The Laois IFA banner held high by Declan Hanrahan from Borris-in-Ossory, and Laois IFA chairperson John Fitzpatrick. Photo: Lynda Kiernan
Portlaoise came to a halt for the second time this year for farmers to protest in the street over fears for the future of their industry.
One of four regional marches by Irish Farmers Association (IFA) members took place in Portlaoise on Friday evening, October 8. Farmers from Laois welcomed others from Offaly, Carlow, Kilkenny, Wicklow, Wexford, Kildare and Dublin with hundreds taking part.
Laois IFA Chairperson John Fitzpatrick told the Leinster Express why they are marching again, following a previous protest in Portlaoise just last June.
"We're here because we feel the Department of Agriculture are not listening to us. They don't seem to be taking anything we say on board. There's nothing only fear, frustration, anger and uncertainty out there.
"We understand that things have to change as regards environmental issues and we're willing to do it. But we must be helped and worked with, not be told what to do like a teacher to a pupil. We have to have a viable farm at the end of it," he said.
"We hope for certainty in farming, that rural areas and local towns like here can still be vibrant, and that we'll be allowed to farm efficiently. Farming is a business and we want to keep it going," The Laois IFA chair said.
President of the IFA Tim Cullinan addressed the large crowds gathered in the grounds of the Department of Agriculture.
"It's three whammies; climate change, CAP reform and the nitrates directive and review. They have one thing in common, reductions, reductions, reductions, and more cuts.
"The budget is for a 51% reduction in emissions by 2030. We're not going to cut cows or anything, but a 51% reduction is a serious place. We need our Government to get into negotiation with us, we have tried for the last two years.
"The CAP was introduced in 1950 to protect quality food supply and farmers, that money is being robbed now.
He said that they must be allowed to spread slurry until mid October as it is a valuable and organic fertilizer. Mr Cullinan said that Bord na Móna has been funded to transition out of peat harvesting but that farmers with bogs are getting no money.
"Our horticulture sector is using peat imported from Russia, it's a ridiculous situation. There is a shipment of 42 thousand tonnes of woodchip coming to supply peat fired power station, and they are talking now about going back to coal in Moneypoint. it's absolutely ridiculous. We put forward credible proposals for renewable industries in Irleand, we are ready and willing, but there is no interest from our Government to do it. If we develop biomethane on just 5% of our grassland, we can supply and fuel all the trucks we have in Ireland.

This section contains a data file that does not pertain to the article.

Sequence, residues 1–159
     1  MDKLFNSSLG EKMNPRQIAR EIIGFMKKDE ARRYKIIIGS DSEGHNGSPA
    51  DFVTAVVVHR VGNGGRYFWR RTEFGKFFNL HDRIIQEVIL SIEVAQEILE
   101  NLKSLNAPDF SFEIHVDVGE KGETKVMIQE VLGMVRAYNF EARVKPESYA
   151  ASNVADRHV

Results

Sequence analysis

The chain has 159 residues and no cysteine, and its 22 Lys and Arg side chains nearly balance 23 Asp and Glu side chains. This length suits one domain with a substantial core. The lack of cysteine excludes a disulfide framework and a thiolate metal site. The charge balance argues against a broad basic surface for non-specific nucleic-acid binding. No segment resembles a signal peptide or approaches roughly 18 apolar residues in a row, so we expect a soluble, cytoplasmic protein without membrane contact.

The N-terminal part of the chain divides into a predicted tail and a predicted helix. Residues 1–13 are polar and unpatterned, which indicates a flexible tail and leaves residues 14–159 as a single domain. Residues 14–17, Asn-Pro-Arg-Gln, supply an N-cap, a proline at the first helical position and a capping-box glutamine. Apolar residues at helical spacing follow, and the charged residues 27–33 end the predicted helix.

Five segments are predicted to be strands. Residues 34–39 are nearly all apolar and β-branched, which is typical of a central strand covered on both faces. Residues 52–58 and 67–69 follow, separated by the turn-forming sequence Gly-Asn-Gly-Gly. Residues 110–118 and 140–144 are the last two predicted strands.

"We want to work in good faith with our Government but we can't do it while we are out on the streets, and we're not backing off on this if we don't get a response. There is no way we can back off and let our Government allow our industry to fail," he said.
National Dairy Council chairperson Stephen Arthur said there is "no way we are giving up our cows or our business".
"They asked us to raise our numbers and dairy farmers grew and invested in their own businesses. Up to €2.5 billion in the last five or six years. We followed them all the way to the top of the hill and now they are trying to shove us off.
"Make no mistake, the Climate Change Bill is a massive and real threat to the agri sector, be it beef, dairy, tillage or sheep. It is a threat to your viability and economic wellbeing. We realise there is a lot to do and we can contribute, but we will not stand for being made scapegoats. I say this now to the Minister and the Government, we want negotiation. Keep those signs ready and keep those phones on because we will be marching again," he said.
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